In a nutshell: The Met’s exhibition “Monumental Journey” features Joseph-Philibert Girault de Prangey’s daguerreotypes, which include the earliest surviving photographs of many notable cities and monuments in the Eastern Mediterranean, including Athens and many of its Ancient temples.
New York City’s Metropolitan Museum of Art has mounted a stunning exhibition of the first known photographs of Greece, and much of the Eastern Mediterranean, by a French photographer named Joseph-Philibert Girault de Prangey.
Entitled “Monumental Journey: The Daguerreotypes of Girault de Prangey,” the exhibition includes a selection of about 120 of the more than 1,000 photographs taken by the traveling photographer in Greece, Egypt and elsewhere in the region between 1842 and 1845.
Monumental Journey is organized largely according to the route Girault himself took on his travels, through what are now Italy, Greece, Turkey, Egypt, Syria, Lebanon, Israel, and the West Bank, before returning to France.
This exhibition, the first in the United States devoted to Girault, and the first to focus on his Mediterranean journey
Girault’s daguerreotypes include the earliest surviving photographs of many notable cities and monuments in the Eastern Mediterranean: the Athenian Acropolis, Jerusalem, the impressive Roman temples of Baalbek, and more.
Special display cases highlight his rare photographs of people, or the boxes he used to store his daguerreotypes back home. Texts on the walls as well as maps — including Girault’s own map from the expedition — help to orient visitors.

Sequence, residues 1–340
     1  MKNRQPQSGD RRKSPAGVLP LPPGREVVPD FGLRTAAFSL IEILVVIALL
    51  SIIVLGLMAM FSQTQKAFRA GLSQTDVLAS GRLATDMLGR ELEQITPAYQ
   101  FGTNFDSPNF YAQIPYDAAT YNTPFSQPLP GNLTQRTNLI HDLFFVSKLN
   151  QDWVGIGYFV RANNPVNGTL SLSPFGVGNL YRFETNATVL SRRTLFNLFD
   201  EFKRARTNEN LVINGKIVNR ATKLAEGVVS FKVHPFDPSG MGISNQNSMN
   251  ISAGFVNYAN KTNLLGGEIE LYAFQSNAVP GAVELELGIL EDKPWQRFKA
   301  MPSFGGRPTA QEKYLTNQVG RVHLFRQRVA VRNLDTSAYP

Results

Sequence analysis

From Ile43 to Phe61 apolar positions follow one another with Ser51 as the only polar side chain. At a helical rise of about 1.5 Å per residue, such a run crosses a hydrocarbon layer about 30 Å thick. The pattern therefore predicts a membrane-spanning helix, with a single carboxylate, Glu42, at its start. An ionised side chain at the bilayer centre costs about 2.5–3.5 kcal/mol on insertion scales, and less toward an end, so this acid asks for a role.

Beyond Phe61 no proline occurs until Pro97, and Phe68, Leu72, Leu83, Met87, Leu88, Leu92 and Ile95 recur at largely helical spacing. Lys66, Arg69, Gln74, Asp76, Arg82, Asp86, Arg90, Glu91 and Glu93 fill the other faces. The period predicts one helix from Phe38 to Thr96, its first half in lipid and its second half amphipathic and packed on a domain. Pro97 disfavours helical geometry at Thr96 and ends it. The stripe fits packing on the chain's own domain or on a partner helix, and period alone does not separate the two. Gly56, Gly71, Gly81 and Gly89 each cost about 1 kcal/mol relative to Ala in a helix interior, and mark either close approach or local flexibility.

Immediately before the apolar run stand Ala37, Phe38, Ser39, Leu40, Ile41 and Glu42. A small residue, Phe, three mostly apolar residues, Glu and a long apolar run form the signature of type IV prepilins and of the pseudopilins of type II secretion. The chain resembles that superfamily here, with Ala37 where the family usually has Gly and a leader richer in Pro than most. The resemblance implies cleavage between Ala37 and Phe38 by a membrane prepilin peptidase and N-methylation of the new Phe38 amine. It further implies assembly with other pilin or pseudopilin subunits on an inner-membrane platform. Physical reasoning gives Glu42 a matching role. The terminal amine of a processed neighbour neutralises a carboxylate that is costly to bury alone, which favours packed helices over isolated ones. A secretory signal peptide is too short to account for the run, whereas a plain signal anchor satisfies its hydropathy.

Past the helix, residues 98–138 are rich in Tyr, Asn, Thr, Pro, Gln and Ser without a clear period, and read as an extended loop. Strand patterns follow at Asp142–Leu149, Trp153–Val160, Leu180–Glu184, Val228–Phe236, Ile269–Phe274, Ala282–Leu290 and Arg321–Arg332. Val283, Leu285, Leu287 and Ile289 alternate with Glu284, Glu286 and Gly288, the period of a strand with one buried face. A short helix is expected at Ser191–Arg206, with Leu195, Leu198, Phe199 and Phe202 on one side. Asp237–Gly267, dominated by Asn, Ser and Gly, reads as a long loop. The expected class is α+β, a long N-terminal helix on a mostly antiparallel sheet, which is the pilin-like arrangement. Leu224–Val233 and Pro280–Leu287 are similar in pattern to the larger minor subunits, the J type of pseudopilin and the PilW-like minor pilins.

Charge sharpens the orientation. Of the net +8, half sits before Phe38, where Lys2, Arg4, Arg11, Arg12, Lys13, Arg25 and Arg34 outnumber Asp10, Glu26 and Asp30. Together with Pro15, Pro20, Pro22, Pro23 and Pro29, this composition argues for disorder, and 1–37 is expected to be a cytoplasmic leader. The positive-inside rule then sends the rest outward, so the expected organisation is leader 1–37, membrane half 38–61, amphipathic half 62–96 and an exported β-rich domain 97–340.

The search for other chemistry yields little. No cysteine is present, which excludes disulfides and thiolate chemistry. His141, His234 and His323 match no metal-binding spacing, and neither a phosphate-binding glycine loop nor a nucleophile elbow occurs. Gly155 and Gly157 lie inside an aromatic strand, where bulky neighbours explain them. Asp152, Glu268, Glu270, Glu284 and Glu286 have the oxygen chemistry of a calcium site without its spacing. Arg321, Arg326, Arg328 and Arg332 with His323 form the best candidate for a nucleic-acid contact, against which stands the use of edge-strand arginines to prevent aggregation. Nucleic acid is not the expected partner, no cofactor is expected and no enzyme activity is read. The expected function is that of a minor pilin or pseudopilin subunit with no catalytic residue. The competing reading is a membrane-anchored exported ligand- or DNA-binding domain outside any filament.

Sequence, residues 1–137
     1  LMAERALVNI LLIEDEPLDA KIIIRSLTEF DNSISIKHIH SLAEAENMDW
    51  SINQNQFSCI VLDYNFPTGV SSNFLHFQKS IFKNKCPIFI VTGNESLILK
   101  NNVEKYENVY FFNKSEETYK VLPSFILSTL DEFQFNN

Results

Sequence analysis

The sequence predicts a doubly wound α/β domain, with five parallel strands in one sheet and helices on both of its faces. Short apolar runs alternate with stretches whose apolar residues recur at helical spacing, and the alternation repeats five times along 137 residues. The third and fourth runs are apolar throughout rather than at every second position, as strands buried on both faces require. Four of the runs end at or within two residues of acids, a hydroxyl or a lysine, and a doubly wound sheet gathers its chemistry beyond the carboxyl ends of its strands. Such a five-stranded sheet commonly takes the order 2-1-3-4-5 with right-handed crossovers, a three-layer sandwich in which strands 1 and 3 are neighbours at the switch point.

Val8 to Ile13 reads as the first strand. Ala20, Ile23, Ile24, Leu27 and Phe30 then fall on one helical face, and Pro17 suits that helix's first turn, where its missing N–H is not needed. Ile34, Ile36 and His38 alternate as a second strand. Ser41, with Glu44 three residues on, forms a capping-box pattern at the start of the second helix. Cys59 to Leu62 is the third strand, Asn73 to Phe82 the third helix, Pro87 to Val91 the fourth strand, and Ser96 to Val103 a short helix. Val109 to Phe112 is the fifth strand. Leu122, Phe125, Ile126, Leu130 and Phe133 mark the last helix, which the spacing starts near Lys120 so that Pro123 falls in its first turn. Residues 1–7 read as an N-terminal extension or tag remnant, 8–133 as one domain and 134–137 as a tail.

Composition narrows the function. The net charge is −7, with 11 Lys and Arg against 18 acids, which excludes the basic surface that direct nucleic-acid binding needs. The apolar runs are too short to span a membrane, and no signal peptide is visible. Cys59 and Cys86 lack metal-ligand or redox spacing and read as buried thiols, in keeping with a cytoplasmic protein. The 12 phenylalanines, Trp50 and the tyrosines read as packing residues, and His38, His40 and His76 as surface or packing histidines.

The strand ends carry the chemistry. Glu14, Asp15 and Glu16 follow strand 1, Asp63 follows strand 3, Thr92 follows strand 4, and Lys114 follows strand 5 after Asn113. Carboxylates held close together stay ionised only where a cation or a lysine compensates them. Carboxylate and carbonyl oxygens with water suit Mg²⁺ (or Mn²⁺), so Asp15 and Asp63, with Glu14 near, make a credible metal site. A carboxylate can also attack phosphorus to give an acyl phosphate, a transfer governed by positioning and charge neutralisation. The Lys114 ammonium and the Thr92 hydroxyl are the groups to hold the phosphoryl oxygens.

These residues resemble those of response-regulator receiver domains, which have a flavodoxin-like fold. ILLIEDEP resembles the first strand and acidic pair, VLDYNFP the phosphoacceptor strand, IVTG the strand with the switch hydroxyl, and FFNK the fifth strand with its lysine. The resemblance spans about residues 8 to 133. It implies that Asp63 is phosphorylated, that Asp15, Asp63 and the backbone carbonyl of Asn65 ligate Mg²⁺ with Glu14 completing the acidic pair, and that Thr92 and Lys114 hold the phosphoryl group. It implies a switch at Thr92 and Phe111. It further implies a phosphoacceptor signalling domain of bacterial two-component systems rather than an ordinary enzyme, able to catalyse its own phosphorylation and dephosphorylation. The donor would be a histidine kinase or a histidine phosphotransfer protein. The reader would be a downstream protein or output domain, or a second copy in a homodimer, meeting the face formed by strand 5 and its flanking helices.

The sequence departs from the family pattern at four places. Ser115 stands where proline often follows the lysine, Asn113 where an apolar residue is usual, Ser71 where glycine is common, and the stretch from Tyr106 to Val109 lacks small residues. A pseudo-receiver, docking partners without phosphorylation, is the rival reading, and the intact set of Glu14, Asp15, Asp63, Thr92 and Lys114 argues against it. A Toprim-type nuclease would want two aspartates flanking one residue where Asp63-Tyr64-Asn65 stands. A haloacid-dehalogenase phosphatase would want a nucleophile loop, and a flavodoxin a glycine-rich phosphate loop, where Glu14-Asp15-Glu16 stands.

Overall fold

The “daguerreotype” was the first commercially successful photographic process in the history of photography, used in the 1840s for about two decades, before new techniques were developed. Named after the inventor, Louis Jacques Mandé Daguerre, each daguerreotype is a unique image on a silvered copper plate. In contrast to photographic paper, a daguerreotype is not flexible and is rather heavy.The daguerreotype is accurate, detailed and sharp. It has a mirror-like surface and is very fragile.
What Others Are Saying:
“a buffed jewel of an exhibition” —New York Times
“an extraordinary—and very moving—exhibition. . . . a poetic meditation on vanished empire, memory, and loss.” —ArtNews
“It is a mark of this triumphant show that the more we learn about him, the more remarkable and mysterious he seems.” —Wall Street Journal
“what is most compelling about these images is how alien they are to contemporary photography. ” —4Columns
“a delight for both photo nerds and history buffs alike. . . . This one is a must see.” —BuzzFeed News
Can’t make it to the Met? Buy the exhibition catalogue
Details: Monumental Journey: The Daguerreotypes of Girault de Prangey continues through May 12, 2019 at the Metropolitan Museum of Art (Met Fifth Avenue, 1000 Fifth Avenue, Manhattan). The exhibition was curated by Stephen C. Pinson, and organized by the Met in collaboration with the Bibliothèque nationale de France. Need more details? Click here.